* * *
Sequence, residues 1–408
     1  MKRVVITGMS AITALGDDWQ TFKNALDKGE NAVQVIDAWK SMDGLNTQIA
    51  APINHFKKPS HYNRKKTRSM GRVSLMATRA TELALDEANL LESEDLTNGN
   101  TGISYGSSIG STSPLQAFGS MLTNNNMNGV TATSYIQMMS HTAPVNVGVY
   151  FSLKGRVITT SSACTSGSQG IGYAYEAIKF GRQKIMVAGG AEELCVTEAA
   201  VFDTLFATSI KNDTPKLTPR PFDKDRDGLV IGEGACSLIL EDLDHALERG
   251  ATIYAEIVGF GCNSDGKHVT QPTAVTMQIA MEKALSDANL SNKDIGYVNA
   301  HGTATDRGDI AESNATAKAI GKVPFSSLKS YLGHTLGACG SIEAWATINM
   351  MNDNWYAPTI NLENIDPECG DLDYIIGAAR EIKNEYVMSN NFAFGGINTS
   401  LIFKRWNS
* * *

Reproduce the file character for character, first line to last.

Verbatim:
Sequence, residues 1–408
     1  MKRVVITGMS AITALGDDWQ TFKNALDKGE NAVQVIDAWK SMDGLNTQIA
    51  APINHFKKPS HYNRKKTRSM GRVSLMATRA TELALDEANL LESEDLTNGN
   101  TGISYGSSIG STSPLQAFGS MLTNNNMNGV TATSYIQMMS HTAPVNVGVY
   151  FSLKGRVITT SSACTSGSQG IGYAYEAIKF GRQKIMVAGG AEELCVTEAA
   201  VFDTLFATSI KNDTPKLTPR PFDKDRDGLV IGEGACSLIL EDLDHALERG
   251  ATIYAEIVGF GCNSDGKHVT QPTAVTMQIA MEKALSDANL SNKDIGYVNA
   301  HGTATDRGDI AESNATAKAI GKVPFSSLKS YLGHTLGACG SIEAWATINM
   351  MNDNWYAPTI NLENIDPECG DLDYIIGAAR EIKNEYVMSN NFAFGGINTS
   401  LIFKRWNS